Good management skills alone won’t get executives and their organizations far enough. What is also needed is the seemingly indefinable, evanescent, quirky, and paradoxical quality called leadership. Leadership lies in the emotional side of management. It pumps life into organizations and gives meaning to management structures. Leadership is symbolic, charismatic, inspirational—no matter how it is defined, Barach and Eckhardt prove that it can be ^Ilearned^R. Their book is thus a solidly researched, readable assessment of what leadership actually is, its various dimensions, its place among other necessary executive skills, and how it can be nurtured and propagated. With examples from the worlds of business, politics, sports, and the military and buttressed by sound academic studies, Barach and Eckhardt succeed in making the concept of leadership come alive and—of greatest value to organizations and their people—useful.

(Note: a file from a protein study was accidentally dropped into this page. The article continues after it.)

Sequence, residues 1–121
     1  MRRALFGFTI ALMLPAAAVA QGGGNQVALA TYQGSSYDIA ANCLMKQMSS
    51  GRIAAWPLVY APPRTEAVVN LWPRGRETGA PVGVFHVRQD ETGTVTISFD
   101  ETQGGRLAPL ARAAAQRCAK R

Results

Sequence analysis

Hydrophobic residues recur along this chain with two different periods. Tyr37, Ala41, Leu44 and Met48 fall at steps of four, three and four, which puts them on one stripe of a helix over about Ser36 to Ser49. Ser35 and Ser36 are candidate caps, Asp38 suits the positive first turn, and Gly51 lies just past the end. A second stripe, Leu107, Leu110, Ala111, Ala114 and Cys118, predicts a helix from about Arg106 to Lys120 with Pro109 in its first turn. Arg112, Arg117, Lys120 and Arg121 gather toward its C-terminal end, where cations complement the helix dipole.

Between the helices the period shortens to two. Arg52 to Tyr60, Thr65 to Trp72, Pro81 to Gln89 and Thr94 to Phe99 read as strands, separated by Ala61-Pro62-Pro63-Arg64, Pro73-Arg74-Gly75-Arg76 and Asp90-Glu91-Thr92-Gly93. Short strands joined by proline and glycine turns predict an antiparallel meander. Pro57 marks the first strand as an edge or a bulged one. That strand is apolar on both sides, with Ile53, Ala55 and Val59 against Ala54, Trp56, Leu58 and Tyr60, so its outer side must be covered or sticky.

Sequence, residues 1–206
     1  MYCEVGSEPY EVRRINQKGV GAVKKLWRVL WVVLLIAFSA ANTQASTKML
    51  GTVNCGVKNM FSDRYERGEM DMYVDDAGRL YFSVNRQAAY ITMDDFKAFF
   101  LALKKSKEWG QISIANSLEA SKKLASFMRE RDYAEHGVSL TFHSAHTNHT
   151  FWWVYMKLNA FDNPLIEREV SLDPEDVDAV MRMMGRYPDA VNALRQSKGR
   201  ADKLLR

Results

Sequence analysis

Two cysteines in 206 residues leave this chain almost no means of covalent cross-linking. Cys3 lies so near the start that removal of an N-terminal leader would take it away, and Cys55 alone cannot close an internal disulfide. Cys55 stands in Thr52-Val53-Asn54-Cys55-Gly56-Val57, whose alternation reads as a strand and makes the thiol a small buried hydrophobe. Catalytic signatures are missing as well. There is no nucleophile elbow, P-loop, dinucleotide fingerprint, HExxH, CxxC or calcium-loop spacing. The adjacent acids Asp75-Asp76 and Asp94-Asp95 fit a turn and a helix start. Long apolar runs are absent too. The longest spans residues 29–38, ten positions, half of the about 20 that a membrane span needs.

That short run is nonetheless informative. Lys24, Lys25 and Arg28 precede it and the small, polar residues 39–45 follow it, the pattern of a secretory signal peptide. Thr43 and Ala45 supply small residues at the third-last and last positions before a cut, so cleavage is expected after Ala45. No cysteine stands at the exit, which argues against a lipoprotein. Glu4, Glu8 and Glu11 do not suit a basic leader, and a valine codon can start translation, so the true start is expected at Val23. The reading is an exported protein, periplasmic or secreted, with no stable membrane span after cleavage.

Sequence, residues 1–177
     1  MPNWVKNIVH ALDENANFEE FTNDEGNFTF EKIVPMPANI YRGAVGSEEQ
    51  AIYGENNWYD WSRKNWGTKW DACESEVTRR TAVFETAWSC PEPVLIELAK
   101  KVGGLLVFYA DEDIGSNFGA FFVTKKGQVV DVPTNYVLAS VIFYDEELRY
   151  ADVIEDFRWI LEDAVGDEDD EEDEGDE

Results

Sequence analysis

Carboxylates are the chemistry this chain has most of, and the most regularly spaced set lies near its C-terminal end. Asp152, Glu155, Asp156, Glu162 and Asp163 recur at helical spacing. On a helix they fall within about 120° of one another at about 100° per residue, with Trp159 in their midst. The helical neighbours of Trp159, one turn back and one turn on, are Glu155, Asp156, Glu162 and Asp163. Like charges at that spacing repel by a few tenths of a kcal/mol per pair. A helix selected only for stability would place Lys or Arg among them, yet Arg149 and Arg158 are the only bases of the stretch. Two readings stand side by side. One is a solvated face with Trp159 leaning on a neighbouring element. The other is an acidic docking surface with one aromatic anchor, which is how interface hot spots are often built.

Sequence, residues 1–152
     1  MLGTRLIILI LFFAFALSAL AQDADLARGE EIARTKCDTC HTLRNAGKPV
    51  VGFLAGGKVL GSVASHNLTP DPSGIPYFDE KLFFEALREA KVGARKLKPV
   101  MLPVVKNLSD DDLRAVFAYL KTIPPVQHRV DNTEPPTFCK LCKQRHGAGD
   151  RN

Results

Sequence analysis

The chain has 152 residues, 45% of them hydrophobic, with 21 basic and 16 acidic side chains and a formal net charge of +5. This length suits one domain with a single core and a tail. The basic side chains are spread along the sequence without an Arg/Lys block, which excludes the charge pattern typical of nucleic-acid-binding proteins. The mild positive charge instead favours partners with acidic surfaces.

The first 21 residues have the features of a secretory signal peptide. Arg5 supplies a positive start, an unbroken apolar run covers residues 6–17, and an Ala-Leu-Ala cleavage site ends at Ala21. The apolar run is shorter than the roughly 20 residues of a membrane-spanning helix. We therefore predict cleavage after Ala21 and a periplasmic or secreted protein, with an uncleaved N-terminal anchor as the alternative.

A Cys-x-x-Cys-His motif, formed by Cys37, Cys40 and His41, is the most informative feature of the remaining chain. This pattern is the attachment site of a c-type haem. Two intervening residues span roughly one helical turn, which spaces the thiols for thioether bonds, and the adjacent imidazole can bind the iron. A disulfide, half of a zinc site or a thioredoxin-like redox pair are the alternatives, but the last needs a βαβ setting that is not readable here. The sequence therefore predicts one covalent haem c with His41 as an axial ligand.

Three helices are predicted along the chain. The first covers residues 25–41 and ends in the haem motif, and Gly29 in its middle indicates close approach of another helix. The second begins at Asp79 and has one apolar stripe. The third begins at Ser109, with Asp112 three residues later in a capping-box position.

Barach and Eckhardt start by describing the emotional side of management, the paradoxical nature of leadership, and how it fits into the full set of executive responsibilities and skills. They go on to break leadership down into its 20 components. In chapters devoted to each component, they provide readers with well-documented descriptions of leadership’s characteristics: desire, decisiveness, vision, integrity, anchoring, following, kinship, caring, inspiring, listening, telling, mentoring. They reassemble the parts and show how leadership works in Washington, D.C. Closing with a detailed discussion of the 6 most important leadership issues that Barach has identified in his decade-long study of the topic, the authors offer readers an opportunity to discover issues familiar to them personally, how to analyze them, and make use of the results.